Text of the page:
Nortel's Fright Night
After the market closed yesterday, Nortel reported that its Q3 2000 net earnings were 18 cents per share, beating analyst expectations by one cent, and its optical networking business grew 90 percent from the corresponding quarter last year. Revenues were up 42 percent year over year to $7.3 billion. Sounds great, right?
Wrong. Under the fluffed-up annual numbers were some disturbing surprises on the quarter. The most damaging was negative sequential growth in optical, which was down five percent from the last quarter. Most analysts had expected it to be up 15 percent. The yearly growth was a disappointment, as well, for analysts, who were expecting to see 120 to 125 percent growth in this area. Revenues were also on the low end of expectations.
The company blamed the slowdown on customers who had been double booking orders in anticipation of a shortage in products.
"Customers don’t want to be short of any parts,” said John Roth, CEO of Nortel. "They buy more than they need, and when lead times are restored to their normal level they have no need for a large inventory."
Nortel also attributed the dip in growth to a shortage of field engineers. As a result, Roth said, the vendor wasn’t able to install and turn on new equipment.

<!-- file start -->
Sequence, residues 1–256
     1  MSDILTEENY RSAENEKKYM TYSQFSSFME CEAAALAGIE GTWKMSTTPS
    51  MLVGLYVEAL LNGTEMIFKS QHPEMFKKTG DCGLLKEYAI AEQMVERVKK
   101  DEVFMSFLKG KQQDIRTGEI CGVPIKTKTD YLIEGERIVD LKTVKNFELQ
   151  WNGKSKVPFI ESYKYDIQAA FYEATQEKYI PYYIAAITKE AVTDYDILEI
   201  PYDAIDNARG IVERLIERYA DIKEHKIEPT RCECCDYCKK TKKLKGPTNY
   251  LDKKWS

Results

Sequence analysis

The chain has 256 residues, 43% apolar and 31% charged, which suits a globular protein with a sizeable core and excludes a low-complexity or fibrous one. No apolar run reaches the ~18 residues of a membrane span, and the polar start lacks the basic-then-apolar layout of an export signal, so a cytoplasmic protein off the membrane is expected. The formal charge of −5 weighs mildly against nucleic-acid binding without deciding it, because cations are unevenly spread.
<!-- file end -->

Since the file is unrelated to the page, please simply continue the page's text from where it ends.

The news completely surprised most analysts on Wall Street. "It’s very bizarre,” says Max Schuetz, optical networking analyst at Thomas Weisel Partners. “There isn't a person out there on the Street that had a clue this was happening.”
And it even had some questioning Nortel’s rationale for the downturn. "It's strange that people could build inventory in a space that was supply constrained,” adds Schuetz. "It's one more worry for an already paranoid investor base."
Nortel claims that the problems experienced this quarter are already being worked out. Executives indicated on the conference call that bookings are already up for the fourth quarter and they expect 40 to 50 percent growth in optical for the next quarter.
Analysts have mixed feelings on this reassurance. The surprises of this quarter have shaken their faith in the Nortel leadership. Lehman Brothers and Chase H&Q have already downgraded the stock this morning. Others like UBS Warburg hold to their Buy rating but have indicated some skeptism in Nortel’s positive outlook for the future.
“Credibility of management, which was dampened given this quarter’s performance, is likely on the line with such an aggressive target for Q4,” writes analyst Nikos Theodospoulos in this morning’s report. Consequently, he has lowered the revenue expectations from $11.5 billion to $10.2 billion.
But not everyone is panicking. Some analysts are optimistic. “It’s not as bad as it seems. Nortel management indicated overall demand for its optical networking products has not slowed and that Q3 was simply a ‘bubble’,” according to the CIBC World Markets report.
Nortel’s poor performance coupled with Lucent Technologies Inc.'s (NYSE: LU) problems has sent many stocks in the sector down. Sycamore Networks Inc. (Nasdaq: SCMR) and Ciena Corp. (Nasdaq: CIEN) are down 15 percent and 12 percent, respectively. Among component vendors, JDS Uniphase Inc. (Nasdaq: JDSU) lost 15 percent, and Corning Inc. (NYSE: GLW) 17 percent. -- Marguerite Reardon, senior editor, Light Reading, http://www.lightreading.com